Frank Mehnke Seminar
Friday, June 14, 2019
2:00pm - 3:00pm
Frank Mehnke, of the Institute of Solid State Physics at Technische Universität Berlin, will present the following seminar:
“Exploring the wavelength limits of AlGaN-based deep UV LEDs”
Date and time: Friday, June 14 from 2-3 pm
Location: Van Leer Building, Room C240
Applications such as gas sensing (NO: λ = 226 nm, NH3: λ = 217 nm) would benefit from the development of light emitting diodes (LEDs) in the deep ultraviolet (UV) spectral region below 230 nm. However, the fabrication of such short wavelength LEDs is very demanding as a strong decrease in emission power and external quantum efficiency (EQE) is observed with decreasing emission wavelength. This behavior is typically ascribed to a decrease in radiative recombination efficiency (RRE), a decrease in carrier injection efficiency (CIE), as well as a decrease in light extraction efficiency (LEE). Additionally, the wall plug efficiency is further hampered due to high operation voltages of such devices.
In this talk, we will discuss systematic variations of the heterostructure design in order to achieve short emission wavelength LEDs. Multiple quantum well (MQW) active regions as well as full LED heterostructures have been grown by metalorganic vapor phase epitaxy on (0001) oriented ELO AlN/sapphire. The LEDs were fabricated using Pd-based p-contacts and V/Al-based n-contacts. In order to maximize the spectral power needed for applications, a high aluminum mole fraction x > 0.9 is needed within the AlxGa1-xN:Si current spreading layer to avoid partial absorption of the MQW emission. However, when increasing the aluminum mole fraction, the sheet resistivity and the voltage drop at the n-electrodes increase drastically around x = 0.8. This induces a conductivity-transparency dilemma which will be analyzed.
Additionally, the influence of the emission wavelength on the electro-optical properties of LEDs emitting between 263 nm and 217 nm has been investigated on fully transparent AlxGa1-xN:Si current spreading layers in order to determine the main contributions causing the observed reduction in EQE. For ray-tracing simulations of the LEE we determined the in-plane degree of polarization of the emitted light (P = (ITE - ITM)/(ITE + ITM)) by polarization resolved photoluminescence and electroluminescence measurements. A reduction from P = +0.9 for emission at 263 nm to P = -0.8 for emission at 220 nm was observed. This is in good agreement with k ∙ p calculations and results in a reduced LEE from 4% to 1.5% in the same wavelength range. Additionally, the RRE was estimated by temperature dependent photoluminescence measurements revealing a reduction from ~16% for emission above 248 nm to ~0.5% for emission below 223 nm. By measuring the LED emission power, a reduction from 0.56 mW to 0.15 μW was observed for emission at 263 nm and 217 nm, respectively. This enables the quantification of the main contributions to the reduced EQE with decreasing emission wavelength as shown in Fig. 1.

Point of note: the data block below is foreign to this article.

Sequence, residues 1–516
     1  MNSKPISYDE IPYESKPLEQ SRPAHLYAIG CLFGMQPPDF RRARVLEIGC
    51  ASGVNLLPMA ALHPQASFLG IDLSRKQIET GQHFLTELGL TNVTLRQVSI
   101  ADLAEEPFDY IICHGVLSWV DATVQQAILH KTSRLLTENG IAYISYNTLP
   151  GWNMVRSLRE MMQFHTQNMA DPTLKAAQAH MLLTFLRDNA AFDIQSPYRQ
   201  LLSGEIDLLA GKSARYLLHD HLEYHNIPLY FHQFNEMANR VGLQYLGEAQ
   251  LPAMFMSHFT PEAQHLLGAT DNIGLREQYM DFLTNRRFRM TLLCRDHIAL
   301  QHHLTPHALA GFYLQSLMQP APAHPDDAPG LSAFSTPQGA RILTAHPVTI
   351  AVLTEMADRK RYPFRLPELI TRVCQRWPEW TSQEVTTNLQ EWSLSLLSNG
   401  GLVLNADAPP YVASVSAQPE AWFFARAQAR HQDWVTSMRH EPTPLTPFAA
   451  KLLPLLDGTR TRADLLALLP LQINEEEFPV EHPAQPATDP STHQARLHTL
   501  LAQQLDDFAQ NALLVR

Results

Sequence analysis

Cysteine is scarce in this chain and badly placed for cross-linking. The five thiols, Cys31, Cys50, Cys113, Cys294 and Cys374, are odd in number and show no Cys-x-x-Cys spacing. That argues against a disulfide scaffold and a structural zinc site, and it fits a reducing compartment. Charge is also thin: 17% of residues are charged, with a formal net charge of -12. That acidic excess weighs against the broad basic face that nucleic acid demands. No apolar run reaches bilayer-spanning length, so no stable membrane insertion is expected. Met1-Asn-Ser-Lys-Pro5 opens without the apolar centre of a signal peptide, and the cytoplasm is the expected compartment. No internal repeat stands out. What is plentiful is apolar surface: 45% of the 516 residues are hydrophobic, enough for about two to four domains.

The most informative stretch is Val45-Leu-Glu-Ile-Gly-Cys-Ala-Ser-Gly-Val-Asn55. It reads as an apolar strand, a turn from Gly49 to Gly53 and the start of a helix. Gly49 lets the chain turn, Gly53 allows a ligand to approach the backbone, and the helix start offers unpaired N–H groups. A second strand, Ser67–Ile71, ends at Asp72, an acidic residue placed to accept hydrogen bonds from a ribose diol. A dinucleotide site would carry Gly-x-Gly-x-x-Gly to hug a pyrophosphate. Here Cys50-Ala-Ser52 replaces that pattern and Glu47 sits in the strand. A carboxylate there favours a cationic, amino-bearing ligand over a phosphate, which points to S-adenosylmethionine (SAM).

Frank Mehnke received the Diploma degree in physics in 2011 and his doctorate in natural sciences in 2017, both from the Technische Universität Berlin, Germany. In 2014, he visited Linköping University, Sweden, for a short-term research stay investigating the electronic properties of the silicon donor in high aluminum mole fraction AlGaN. Until May 2019, he worked as postdoctoral researcher at the Institute of Solid State Physics, Technische Universität Berlin. His research interests include the growth and electro-optical and structural characterization of wide-bandgap III-nitride semiconductors. In particular, he focused on the development of extremely short emission wavelength ultraviolet light emitting diodes.
Last revised June 7, 2019